Postpartum Depression, Risk Factors, Symptoms, and Treatment

Definition of Postpartum Depression

Postpartum depression is a mood disorder highlighted by episodes of major depression within the first four to six weeks of childbirth. 

The term postpartum is the period following child delivery. Depression, in this context, is defined as a psychological disorder diagnosed with signs of sadness, despair, and loneliness. Other common symptoms of depression may include self-solation, mood swings, lack of sleep or irregular sleep patterns, guilt, and in extreme cases, suicidal tendencies.

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A positive diagnosis is confirmed if the patient exhibits at least five of the many associated symptoms that are constant within two weeks or more.

What are the Symptoms of Postpartum Depression

  • Insomnia or hypersomnia (inability to stay awake during daytime despite having adequate sleep time at night)
  • Guilt; Mothers with Postpartum depression may develop guilt. This symptom is often associated with an inability to form a bond with the newborn baby.
  • Fatigue; Mothers with Postpartum depression may face bouts of unexplainable fatigue.
  • Extreme sadness and random crying episodes
  • Lack of concentration and interest during most of the day, a symptom observed with mothers who can’t finish tasks they could easily manage before childbirth.

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  • Irregular appetite
  • Irritability; patients with PPD may lash out and easily form anger unnecessarily
  • Anxiety; Mostly observed in new mothers. Anxiety may manifest when performing tasks new to them. This symptom should not be singled out while diagnosing. It is usual among new parents.
  • Suicidal tendencies; In extreme cases of PPD, the mother may experience episodes of suicidal thoughts and, in some cases, exhibit acts of self-harm. This symptom is rare and usually explained by its accompanying risk factors.

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What are the Risk Factors (Causes) of Postpartum Depression

Medical practitioners often group risk factors into three categories: Obstetric, psychological, and social/lifestyle.

  • Obstetric risk factors:

Obstetrics is things relating to pregnancy and childbirth. Prolonged periods of labor pain during delivery, emergency cesarean sections, and complications during pregnancy are risk factors for PPD. These occurrences may be traumatic for the parents and can eventually lead to postpartum depression.

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  • Psychological risk factors:

This factor is usually associated with other psychological occurrences such as a history of sexual and domestic abuse, an unwanted pregnancy, a history of depression and stress, disappointment with the sex of the baby, or maybe if the baby has physical disabilities. New parents may be overwhelmed by the experiences that come with childbirth. Difficulty while trying to latch or extreme pain during breastfeeding may negatively affect a new mother’s psychology.

  • Lifestyle and social factors:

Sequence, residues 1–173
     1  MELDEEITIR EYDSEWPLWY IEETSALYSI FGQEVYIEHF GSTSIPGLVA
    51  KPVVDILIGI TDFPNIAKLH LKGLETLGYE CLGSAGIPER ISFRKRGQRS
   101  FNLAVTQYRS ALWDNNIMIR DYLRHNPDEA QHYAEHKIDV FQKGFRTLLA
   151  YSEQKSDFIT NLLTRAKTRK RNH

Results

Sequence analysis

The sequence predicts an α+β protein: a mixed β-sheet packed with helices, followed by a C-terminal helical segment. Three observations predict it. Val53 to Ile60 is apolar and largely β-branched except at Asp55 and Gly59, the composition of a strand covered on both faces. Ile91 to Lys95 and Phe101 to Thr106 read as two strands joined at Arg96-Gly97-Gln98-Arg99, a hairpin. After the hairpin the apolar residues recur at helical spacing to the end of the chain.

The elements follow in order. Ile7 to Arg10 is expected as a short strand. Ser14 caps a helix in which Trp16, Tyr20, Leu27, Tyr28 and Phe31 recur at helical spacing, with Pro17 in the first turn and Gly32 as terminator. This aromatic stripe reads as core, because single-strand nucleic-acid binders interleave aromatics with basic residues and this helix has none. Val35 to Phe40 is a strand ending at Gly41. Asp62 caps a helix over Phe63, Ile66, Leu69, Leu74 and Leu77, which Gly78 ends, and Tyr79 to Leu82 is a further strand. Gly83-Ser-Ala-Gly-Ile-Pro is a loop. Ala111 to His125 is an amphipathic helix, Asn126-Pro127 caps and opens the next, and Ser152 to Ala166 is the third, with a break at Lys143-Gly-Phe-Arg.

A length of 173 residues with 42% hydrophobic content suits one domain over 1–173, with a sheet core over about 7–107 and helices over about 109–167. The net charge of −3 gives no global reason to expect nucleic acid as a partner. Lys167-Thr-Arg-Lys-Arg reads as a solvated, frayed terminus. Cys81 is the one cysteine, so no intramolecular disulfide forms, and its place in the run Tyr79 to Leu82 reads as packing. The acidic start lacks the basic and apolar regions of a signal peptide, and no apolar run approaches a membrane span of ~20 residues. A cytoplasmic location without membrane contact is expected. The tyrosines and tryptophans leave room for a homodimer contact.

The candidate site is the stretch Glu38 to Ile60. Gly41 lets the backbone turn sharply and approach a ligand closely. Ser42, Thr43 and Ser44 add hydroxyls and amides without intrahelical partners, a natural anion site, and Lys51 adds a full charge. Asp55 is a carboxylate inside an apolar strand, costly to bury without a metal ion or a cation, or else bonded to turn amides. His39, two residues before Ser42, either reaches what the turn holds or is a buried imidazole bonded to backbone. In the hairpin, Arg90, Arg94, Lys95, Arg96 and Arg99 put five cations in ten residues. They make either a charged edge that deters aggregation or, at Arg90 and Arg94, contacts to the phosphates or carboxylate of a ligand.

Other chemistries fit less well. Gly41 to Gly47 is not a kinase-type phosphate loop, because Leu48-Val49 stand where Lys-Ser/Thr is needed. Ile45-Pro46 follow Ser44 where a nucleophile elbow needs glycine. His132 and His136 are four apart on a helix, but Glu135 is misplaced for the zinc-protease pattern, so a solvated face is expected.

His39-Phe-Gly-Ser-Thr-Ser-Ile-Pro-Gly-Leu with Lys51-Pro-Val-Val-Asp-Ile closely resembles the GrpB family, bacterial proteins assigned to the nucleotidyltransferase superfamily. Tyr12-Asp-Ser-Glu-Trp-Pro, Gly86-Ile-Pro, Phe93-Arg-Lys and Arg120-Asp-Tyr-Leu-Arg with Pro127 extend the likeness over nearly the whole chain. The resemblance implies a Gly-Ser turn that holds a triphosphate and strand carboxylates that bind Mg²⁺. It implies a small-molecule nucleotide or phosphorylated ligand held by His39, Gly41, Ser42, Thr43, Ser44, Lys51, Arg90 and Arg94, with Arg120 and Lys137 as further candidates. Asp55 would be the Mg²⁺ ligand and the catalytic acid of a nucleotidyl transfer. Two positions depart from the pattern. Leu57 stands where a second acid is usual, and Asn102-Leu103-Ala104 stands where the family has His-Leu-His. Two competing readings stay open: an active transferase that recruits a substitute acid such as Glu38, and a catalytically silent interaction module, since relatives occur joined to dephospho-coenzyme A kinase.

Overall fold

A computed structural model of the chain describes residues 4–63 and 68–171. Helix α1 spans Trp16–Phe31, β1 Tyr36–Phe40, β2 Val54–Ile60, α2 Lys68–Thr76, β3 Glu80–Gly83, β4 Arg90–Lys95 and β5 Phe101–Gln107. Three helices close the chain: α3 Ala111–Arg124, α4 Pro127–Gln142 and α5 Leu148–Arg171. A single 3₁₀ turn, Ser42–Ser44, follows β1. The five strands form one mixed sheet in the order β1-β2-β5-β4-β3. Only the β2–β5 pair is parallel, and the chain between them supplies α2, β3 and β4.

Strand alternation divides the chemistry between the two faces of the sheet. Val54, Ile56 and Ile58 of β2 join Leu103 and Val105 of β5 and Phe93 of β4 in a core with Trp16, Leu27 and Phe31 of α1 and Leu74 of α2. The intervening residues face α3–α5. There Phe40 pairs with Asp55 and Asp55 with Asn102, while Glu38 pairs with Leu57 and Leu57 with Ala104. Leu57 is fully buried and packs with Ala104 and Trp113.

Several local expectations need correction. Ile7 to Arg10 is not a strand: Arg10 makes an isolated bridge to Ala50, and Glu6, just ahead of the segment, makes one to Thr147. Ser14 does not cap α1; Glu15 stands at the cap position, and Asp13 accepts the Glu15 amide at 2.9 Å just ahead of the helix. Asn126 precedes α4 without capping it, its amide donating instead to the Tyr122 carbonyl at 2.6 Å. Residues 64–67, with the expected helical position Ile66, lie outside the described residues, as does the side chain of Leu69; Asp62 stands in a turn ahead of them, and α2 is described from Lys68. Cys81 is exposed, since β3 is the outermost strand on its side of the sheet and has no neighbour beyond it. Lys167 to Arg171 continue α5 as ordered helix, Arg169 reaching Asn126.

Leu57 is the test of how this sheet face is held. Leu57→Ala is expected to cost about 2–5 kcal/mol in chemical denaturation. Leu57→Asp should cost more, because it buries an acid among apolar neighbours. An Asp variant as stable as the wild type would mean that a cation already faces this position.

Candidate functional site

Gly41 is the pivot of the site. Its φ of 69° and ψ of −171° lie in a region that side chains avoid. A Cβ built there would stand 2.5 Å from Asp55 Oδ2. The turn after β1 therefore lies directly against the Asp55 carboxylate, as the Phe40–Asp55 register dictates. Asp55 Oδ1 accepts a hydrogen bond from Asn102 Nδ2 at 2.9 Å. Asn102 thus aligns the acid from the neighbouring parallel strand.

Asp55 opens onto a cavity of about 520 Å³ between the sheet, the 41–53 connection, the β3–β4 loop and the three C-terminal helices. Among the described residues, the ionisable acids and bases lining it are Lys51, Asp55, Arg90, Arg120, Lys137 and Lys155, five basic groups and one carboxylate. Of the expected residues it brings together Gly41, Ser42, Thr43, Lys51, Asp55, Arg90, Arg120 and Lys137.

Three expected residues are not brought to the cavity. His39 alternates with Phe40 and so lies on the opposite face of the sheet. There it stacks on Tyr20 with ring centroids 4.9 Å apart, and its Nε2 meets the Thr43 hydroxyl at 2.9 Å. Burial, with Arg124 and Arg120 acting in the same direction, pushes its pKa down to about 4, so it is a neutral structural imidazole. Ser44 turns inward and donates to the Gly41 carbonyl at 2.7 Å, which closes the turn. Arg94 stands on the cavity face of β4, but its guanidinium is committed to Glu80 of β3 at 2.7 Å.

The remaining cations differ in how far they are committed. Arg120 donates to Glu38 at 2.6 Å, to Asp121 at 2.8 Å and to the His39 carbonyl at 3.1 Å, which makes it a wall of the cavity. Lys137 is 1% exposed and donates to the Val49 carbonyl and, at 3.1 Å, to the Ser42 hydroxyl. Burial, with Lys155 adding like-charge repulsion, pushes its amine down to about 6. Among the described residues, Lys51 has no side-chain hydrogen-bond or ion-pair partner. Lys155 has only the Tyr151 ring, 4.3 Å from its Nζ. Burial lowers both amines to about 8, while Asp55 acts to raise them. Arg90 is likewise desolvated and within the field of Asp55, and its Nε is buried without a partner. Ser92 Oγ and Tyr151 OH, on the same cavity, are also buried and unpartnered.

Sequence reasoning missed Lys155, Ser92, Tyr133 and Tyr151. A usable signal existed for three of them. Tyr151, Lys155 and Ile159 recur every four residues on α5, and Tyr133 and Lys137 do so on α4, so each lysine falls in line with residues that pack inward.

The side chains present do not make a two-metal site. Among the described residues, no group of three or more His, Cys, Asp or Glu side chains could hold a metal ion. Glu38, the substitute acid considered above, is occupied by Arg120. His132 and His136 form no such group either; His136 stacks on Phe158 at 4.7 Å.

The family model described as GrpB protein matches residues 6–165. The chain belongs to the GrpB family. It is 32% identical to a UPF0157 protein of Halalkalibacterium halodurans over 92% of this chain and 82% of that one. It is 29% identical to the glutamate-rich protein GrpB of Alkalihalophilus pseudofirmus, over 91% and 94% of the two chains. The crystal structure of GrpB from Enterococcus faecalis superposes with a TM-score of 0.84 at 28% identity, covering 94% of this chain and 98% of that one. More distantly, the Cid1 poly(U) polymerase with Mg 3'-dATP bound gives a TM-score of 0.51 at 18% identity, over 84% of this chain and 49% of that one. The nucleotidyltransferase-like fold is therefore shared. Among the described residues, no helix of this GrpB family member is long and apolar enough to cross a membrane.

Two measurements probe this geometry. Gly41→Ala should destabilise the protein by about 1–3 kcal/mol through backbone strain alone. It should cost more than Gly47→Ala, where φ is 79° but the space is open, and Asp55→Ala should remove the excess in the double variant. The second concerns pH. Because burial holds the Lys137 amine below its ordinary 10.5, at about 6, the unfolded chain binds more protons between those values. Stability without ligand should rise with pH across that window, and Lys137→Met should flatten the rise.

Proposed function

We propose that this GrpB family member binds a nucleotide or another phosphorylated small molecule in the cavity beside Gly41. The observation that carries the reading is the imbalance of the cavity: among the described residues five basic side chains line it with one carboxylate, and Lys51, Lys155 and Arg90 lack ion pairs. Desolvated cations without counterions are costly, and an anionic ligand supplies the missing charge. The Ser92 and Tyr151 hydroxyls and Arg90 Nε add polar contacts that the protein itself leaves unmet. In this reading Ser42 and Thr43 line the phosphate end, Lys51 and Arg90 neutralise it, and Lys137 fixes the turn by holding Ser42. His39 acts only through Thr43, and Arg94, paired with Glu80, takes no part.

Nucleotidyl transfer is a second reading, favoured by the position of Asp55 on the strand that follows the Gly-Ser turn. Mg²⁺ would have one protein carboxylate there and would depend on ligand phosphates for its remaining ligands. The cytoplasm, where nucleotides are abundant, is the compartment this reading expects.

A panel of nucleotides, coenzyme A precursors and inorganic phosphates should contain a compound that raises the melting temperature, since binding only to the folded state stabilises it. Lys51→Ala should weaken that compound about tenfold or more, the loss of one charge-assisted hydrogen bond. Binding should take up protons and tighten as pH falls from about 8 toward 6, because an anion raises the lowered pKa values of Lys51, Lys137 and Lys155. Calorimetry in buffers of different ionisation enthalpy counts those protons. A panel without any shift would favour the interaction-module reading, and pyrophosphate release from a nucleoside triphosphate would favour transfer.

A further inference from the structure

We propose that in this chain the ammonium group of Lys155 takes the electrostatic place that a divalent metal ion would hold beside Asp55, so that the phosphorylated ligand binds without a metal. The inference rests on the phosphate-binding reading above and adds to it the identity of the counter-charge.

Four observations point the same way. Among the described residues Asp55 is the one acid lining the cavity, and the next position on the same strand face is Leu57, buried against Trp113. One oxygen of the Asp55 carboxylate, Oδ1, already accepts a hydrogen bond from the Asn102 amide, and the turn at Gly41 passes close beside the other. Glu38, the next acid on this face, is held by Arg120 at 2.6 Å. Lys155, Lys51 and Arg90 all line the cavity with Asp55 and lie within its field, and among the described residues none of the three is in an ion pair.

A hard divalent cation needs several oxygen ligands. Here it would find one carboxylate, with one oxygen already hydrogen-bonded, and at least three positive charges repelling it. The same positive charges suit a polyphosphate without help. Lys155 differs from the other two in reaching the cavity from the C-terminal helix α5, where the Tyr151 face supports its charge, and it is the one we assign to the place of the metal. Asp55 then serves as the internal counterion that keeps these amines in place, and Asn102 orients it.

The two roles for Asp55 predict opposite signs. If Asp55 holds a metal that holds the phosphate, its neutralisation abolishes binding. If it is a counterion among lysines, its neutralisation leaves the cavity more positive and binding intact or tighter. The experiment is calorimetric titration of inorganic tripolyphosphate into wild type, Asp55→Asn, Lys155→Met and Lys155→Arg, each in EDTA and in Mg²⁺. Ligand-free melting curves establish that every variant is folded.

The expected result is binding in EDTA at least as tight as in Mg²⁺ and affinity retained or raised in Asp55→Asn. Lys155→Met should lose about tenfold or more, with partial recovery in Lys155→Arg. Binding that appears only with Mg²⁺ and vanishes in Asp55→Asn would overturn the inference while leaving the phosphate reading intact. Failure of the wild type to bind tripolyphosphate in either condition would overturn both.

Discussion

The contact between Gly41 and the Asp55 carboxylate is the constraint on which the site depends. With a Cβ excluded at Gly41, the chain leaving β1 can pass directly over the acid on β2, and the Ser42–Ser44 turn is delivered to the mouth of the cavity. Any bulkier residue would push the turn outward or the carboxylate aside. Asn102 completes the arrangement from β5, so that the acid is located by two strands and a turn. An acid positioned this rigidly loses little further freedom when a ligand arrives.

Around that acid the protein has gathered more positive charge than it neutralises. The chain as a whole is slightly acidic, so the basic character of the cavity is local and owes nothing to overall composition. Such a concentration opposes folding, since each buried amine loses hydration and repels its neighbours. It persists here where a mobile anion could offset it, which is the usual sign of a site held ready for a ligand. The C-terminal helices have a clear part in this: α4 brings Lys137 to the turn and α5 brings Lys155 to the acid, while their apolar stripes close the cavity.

A newborn baby usually comes with lifestyle changes for parents. Pregnancies tend to affect previous routines observed by parents. The processes involved in adapting to these changes can be a risk factor for PPD. An identified example of social factors is negative comments by society on how new mothers carry out their rearing activities. Another example of a social risk factor is a case where a child is rejected by a spouse, their family, or society, with an example of an LGBTQ couple trying to raise a family.

A lot of PPD cases go undiagnosed and undocumented. Most of them also go untreated. Recent medical studies show one in seven women in the United States suffers from PPD. Due to stigma and varying severity of the mood disorder, the majority of these women opt to self-diagnose. Many with a positive diagnosis of PPD forego treatment seeking treatment options. 

The term “baby blues” is used for cases of postpartum depression with little signs and PPD that only lasts for a short period (symptoms gradually dissipating after 2-3 weeks).

Postpartum depression is not as easy to diagnose despite the symptoms being easy to identify. The reason is that diagnosis parameter are still under research. In most extreme cases, nurses can diagnose PPD early on, sometimes even before childbirth. Such cases are often where a mother exhibits signs of depression during pregnancy. For cases of PPD developed after childbirth, it may prove hard to identify.

Do Men Experience Postpartum Depression?

Men can also develop Postpartum Depression. Risk factors that may affect women may also apply to men. Also, for couples where a woman is experiencing PPD, a man is often at risk of developing postpartum depression. Most men may find it hard to deal with some of the symptoms exhibited by the woman. For example, in a situation where symptoms include irritability and agitation due to PPD, the man may develop similar symptoms.

Can Postpartum Depression be Treated?

Postpartum depression is still being researched and is currently treated by psychiatrists that treat depression. Current trends show a considerable number of psychiatrists specializing in the disorder. Diagnosis parameters are still under study and established. 

Women sharing their experiences during pregnancies on social media platforms has been a crucial factor contributing to the demand for research. Women and couples with Postpartum Depression symptoms are encouraged to seek medical counsel from their doctors to determine the best treatment modes. Left untreated, severe Postpartum Depression could lead to prolonged periods of depression which could be risk factors for other health conditions for both parents and the baby.

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